Javian Hawkins and Tutu Atwell are still on the watch to go for over 1,000 yards rushing and receiving, respectively. Hawkins now sits at 887 heading into November, needing just 28.25 rushing yards per game to get to 1,000 before the end of the regular season, and Atwell needs 83 receiving yards per game to get there. The last time that Louisville had both a 1,000 yard runner and receiver was 1999, when Arnold Jackson had 1,209 receiving yards and Frank Moreau had 1,289 yards rushing.

I mentioned a lot of key stats in Wednesday’s preview, and it seems like Louisville’s defense checked off every box they needed to get the win. Virginia’s two losses (and the Old Dominion win) saw the Cavaliers offense held to under 100 rushing yards; they had 78 against the Cardinals. Virginia had a -4 turnover margin entering the game; they went -2 against the Cardinals, and Louisville’s offense did not have a turnover. Add four sacks and a defense that was galvanized by the raucous crowd in attendance, and this was hands down the most spirited performance by that group all season. After a month that saw Louisville’s defense be tested repeatedly against some of the top offenses in the country in October, this is a very encouraging sign for them as they head into November.

They’ve also matched their 2018 total for interceptions after the Virginia game, and need just four sacks to double up on what they accumulated last year. Just throwing that out there.

It seems that the two quarterback experiment that Satterfield tested throughout October should end. Micale Cunningham had the offense rolling with his scrambling ability, but was pulled in the second quarter for Evan Conley. Conley’s drives were stuck in deep territory for the entire quarter, and ended quickly on three-and-outs. Cunningham came back in, and proceeded to deliver three scoring drives for Louisville in the win. Evan Conley has been huge for Louisville in wins over Boston College and Wake Forest, but eventually the two-QB experiment was going to have to one conclusion: who among the two would be the guy? Based on what happened on Saturday, Cunningham is Louisville’s best option at quarterback right now.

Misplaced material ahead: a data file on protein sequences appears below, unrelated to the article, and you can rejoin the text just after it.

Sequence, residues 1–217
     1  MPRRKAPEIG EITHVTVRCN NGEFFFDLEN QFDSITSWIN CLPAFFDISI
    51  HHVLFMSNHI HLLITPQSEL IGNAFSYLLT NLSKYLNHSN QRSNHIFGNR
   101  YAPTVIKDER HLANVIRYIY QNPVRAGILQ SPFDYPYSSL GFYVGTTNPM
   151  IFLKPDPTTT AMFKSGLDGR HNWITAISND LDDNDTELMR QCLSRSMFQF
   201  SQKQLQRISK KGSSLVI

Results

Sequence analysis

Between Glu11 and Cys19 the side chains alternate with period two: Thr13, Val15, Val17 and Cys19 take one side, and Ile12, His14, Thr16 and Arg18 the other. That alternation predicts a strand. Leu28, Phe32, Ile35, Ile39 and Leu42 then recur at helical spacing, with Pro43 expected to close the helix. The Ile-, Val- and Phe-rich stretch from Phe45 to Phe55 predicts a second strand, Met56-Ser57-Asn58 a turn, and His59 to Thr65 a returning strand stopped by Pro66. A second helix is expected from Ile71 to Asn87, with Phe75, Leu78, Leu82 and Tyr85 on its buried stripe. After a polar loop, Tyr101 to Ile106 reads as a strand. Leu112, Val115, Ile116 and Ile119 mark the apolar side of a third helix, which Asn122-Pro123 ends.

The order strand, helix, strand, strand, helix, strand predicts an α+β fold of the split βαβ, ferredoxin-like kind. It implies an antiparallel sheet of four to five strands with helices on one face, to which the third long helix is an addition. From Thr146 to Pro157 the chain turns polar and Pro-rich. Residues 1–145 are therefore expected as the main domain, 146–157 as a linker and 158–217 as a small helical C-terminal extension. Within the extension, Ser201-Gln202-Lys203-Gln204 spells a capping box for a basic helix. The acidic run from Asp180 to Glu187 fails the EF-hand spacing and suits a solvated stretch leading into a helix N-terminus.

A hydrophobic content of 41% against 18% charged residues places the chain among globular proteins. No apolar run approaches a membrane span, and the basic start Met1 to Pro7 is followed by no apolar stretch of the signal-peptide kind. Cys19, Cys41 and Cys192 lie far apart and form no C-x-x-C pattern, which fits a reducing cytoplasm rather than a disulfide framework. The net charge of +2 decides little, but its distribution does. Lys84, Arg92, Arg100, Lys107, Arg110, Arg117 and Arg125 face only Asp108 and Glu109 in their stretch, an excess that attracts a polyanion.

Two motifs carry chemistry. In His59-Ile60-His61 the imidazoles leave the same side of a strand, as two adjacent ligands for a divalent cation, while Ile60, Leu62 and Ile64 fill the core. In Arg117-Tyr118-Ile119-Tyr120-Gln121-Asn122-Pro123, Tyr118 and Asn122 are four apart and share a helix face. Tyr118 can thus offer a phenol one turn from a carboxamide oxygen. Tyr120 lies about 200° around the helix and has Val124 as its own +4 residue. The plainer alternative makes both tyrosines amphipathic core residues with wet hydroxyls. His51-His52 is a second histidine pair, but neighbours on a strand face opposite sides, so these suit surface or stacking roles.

Javian Hawkins has been the star of the offense for Louisville, but an underrated aspect of his game is his physicality. There’s not a lot of backs his size that can handle a near 30-carry workload in the game, but Hawkins was up to the task and was solid throughout. He had a lot of tough runs in the second half that kept the crowd in it, and had two second half touchdowns that were key. I don’t know where he fits in the ballot for All-ACC running back, but he has to be right there with Travis Etienne and Cam Akers in my opinion. His impact on the Louisville offense has been very critical to their 5-3 run.

Which leads me to say this: Louisville is 5-3 at the end of October. I repeat, Louisville is 5-3 at the end of October. Anyone that was saying Louisville would be 5-3 before November back in the summer would have been, at best, extremely optimistic. I suppose Dae Williams was right when he said it wouldn’t be a rebuilding year:

With that in mind, Louisville has a great chance to leave 2019 with a bowl game. Winning out in November with three road games on tap is a tall order, but each game is winnable in its own way. Road games at Miami and N.C. State are both winnable, but Louisville will still likely be positioned as slight underdogs by Vegas. I think the Kentucky-Louisville game would be a toss-up as of right now, but that is entirely dependent on what UK’s quarterback situation looks like on November 30th. Syracuse is the only game where Louisville is for sure going to be the favorite, and if Louisville goes 0-2 against the Hurricanes and Wolfpack, that will be the game the Cards will look to lock up bowl eligibility.

Regardless, what Scott Satterfield has accomplished in year one at Louisville is extraordinary. There’s still growth to be made, but if Louisville gets to bowl eligibility and even gets to 7-5 or 8-4 by the end of the regular season, I don’t see how he doesn’t win ACC Coach of the Year. You could even make a case for him as national coach of the year in that scenario, but there are a lot of great coaches in the mix there (see: SMU’s Sonny Dykes, Appalachian State’s Eliah Drinkwitz). Either way, what an awesome ride this 2019 season has been for the Louisville Cardinals.